When it seemed that Conan and the Living Plague was finally going to be published, I got pretty fired up, and outlined a new Conan story set in Asgard and Vanaheim. And I was approached with the suggestion that I go back to work on the Conan pastiche I’d begun way back when Living Plague was completed.  I found notes and a partial manuscript for Conan in the City of Pain but put them aside when plans to print Lotus and Living Plague fell through. While I’d be game to write more about the Cimmerian I can’t afford to give it much thought until my second pastiche finally sees publication.

I appreciate you sharing the manuscript of the almost-published Living Plague. It reads like a S&S-bank-heist novel. Conan and a gang break into a quarantined, plague city to recover treasure; catacombs, ghouls, and zombies, and tons of necromancy. Some of the initial settings from Emerald Lotus begged to be addressed again (i.e., the fate of Conan’s mercenary buddy Shamtare and King Sumuabi’s need for raising armies) and you developed them further in Plague. Let’s discuss some teasers without spoiling anything.

Both Emerald Lotus and the Living Plague-manuscript have prologues that focus on an apprentice/sorcerer relation that is dysfunctional. Brilliant way to set up the conflict. Can you comment on plot design and organizing novels, and perhaps your perspective on sorcerers?

Howard’sThe Hour of the Dragon begins with a chapter showing the resurrection of the story’s villain, Xaltotun. I like the idea of teasing readers with a look at the potential challenges and adversaries the Cimmerian will be forced to overcome. And starting my books in emulation of the only canonical Conan novel just felt right.

I outline extensively and did my best to keep a driving pace with chapters ending on a sharp note or revelation. In this sense, my Conan books owe something to the Gold Medal Original novels of the 1950’s. I admire their fierce pace and narrative drive — something that’s become uncommon in modern fiction and quite rare in fantasy.

I wanted my sorcerer villains to be the sort of people who were tempted to latch onto personal power, power they convinced themselves they deserved, and to do so despite its obvious dark, undependable and dehumanizing nature. These guys are evil through self-indulgence, self-deception and moral weakness. Also, having seen perhaps a few too many fictional wizards who could perform spectacular miracles with the wave of a hand, I opted to make my sorcerers more limited and uncertain in their skills.

The living-plague is airborne; COVID-conscious readers would latch onto the protective masks now.

Yeesh. I can now see that aspect of the book as being called out as trendy or, worse, politically relevant. Ugh. Please keep in mind I wrote Living Plague in 1996.

S&S tends to have one hero (maybe a duo). In your Conan pastiche, almost everyone has a partner or bodyguard (friend or foil). When designing heroic fiction, what do you consider for heroes (solo or teamed)?

This is different for hero and villain. The villain needs bodyguards/followers to do his will and to provide additional colorful and dangerous threats for the hero to overcome. I found that, at times, putting Conan, an iconic character of mythic stature, into the company of comrades to be a way of letting the reader see how the Cimmerian appears to others (that is to say, epic) without leaning too hard on the third-person narration to simply tell the reader about him.

The Living Plague reads like a S&S-bank-heist novel. Conan and a gang break into a quarantined, plague city to recover treasure; catacombs, ghouls, and zombies, and tons of necromancy. Some of the initial settings from Emerald Lotus begged to be addressed again (i.e., the fate of Conan’s mercenary buddy Shamtare and King Sumuabi’s need for raising armies) and you developed them further in Plague.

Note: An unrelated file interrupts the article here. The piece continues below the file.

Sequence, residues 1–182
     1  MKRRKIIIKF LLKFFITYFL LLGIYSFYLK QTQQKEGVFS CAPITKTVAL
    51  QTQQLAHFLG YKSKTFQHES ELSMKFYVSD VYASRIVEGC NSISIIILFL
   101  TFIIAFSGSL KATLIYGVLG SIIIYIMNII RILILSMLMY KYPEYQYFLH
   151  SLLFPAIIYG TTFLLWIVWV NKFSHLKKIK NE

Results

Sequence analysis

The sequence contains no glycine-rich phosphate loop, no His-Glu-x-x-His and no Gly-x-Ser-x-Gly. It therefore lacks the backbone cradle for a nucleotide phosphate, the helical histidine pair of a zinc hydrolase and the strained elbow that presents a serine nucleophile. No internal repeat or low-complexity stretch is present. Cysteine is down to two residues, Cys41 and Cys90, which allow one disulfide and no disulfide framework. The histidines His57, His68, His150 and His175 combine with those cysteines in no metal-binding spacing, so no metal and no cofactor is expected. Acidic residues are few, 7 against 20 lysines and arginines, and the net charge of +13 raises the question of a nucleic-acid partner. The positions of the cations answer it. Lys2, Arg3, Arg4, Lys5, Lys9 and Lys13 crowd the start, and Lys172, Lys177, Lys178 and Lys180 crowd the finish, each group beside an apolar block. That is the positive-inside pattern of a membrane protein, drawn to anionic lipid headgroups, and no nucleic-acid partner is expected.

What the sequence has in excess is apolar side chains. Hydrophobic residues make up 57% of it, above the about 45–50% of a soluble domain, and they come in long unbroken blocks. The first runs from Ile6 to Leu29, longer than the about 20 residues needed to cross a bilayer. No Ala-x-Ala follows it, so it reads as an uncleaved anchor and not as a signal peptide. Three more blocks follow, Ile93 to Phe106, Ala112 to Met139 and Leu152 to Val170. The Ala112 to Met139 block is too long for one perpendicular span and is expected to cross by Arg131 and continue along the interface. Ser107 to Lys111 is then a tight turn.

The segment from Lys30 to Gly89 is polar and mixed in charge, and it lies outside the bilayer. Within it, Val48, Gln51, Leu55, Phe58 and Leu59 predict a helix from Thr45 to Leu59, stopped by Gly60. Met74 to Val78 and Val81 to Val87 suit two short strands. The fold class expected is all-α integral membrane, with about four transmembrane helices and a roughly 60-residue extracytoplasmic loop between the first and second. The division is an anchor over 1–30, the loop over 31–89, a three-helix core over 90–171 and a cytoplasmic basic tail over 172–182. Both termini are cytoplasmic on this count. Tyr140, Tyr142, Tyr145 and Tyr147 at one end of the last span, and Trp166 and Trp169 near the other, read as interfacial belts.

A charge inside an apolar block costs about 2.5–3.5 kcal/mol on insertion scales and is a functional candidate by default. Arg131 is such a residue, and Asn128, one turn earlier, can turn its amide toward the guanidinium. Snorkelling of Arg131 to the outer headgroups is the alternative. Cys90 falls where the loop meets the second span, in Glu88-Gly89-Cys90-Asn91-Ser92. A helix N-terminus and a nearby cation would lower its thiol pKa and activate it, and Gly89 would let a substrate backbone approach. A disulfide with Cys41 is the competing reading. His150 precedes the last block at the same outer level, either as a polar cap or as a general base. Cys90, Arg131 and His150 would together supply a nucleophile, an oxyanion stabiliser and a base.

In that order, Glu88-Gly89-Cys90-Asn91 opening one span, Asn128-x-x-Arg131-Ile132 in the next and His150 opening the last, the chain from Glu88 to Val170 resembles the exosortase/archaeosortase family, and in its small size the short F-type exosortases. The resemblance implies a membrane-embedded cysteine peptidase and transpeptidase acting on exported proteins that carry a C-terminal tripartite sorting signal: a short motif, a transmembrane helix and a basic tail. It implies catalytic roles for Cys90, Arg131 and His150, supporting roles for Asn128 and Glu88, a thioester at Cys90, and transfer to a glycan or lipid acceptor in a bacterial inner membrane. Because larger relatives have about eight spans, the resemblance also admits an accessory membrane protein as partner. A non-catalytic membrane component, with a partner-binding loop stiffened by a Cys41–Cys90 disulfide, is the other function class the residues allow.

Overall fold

S.E. Lindberg is a Managing Editor at Black Gate, regularly reviewing books and interviewing authors on the topic of “Beauty & Art in Weird-Fantasy Fiction.” He is also the lead moderator of the Goodreads Sword & Sorcery Group and an intern for Tales from the Magician’s Skull magazine. As for crafting stories, he has contributed eight entries across Perseid Press’s Heroes in Hell and Heroika series, and has an entry in Weirdbook Annual #3: Zombies He independently publishes novels under the banner Dyscrasia Fiction; short stories of Dyscrasia Fiction have appeared in WhetstoneSwords & Sorcery online magazine, Rogues In the House Podcast’s A Book of Blades Vol I and Vol II, DMR’s Terra Incognita, and the 9th issue of Tales From the Magician’s Skull.

Notify of

Newest Most Voted
Inline Feedbacks
View all comments

as i had missed out on the first book by Mr. Hocking, i was sp happy Titan put it in with the new publishing. i picked up the audiobook which has a great narrator for both (at least based on the emerald lotus). i have only made it through The Emerald Lotus so far, but because of Mr. Hocking’s stories included in tales from the magicians skull, i knew i had to move this release to the top of my TBR pile and i am glad i did. i have been happy with how Titan has been handling a lot of the publishing, the comics have been great and the once a month heroic legends release have been great too.

Scott R.

Thank you for your article. Mr. Hocking participated in some panels at Howard Days in Texas a couple weeks ago, where I had the privilege of meeting him. I told him that, as a Howard purist, I generally don’t care for Conan pastiches. However, after reading his chapter in Robert E. Howard Changed My Life in which he talked about writing Conan and the Emerald Lotus, I tracked it down and found it enjoyable. It seems to me to be Howardian in many respects. I also read Black Sunlight and it was just as fine. Conan and The Living Plague is definitely on my near-term reading list.

John Hocking

Hey thanks, Scott. It’s rewarding to reach an audience initially skeptical of pastiche.
For what it’s worth I think Living Plague is a bit better than Emerald Lotus, although this seems to be the minority opinion.

John Hocking

Thanks for the sweeping thumbs-up, Seth. I’m still kind of stunned by the fact that the book is actually in stores. My reaction to seeing it on the shelf of my local Barnes & Noble actually made an onlooking clerk laugh out loud. Like I care.

[…] (Black Gate): It’s June of 2024, and Titan Books has just delivered John C. Hocking’s City of the Dead […]

Would love your thoughts, please comment.x